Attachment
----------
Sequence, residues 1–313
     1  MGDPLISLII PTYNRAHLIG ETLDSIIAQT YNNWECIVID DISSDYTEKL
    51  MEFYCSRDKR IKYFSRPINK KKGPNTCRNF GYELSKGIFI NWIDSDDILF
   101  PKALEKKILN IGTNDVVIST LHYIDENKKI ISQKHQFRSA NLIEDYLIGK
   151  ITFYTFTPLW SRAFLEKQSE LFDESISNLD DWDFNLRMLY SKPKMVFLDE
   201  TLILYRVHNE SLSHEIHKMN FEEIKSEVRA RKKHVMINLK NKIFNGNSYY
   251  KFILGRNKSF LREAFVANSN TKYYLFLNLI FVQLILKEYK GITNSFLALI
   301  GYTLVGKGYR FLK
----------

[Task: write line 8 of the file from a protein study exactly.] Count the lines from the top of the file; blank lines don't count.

   301  GYTLVGKGYR FLK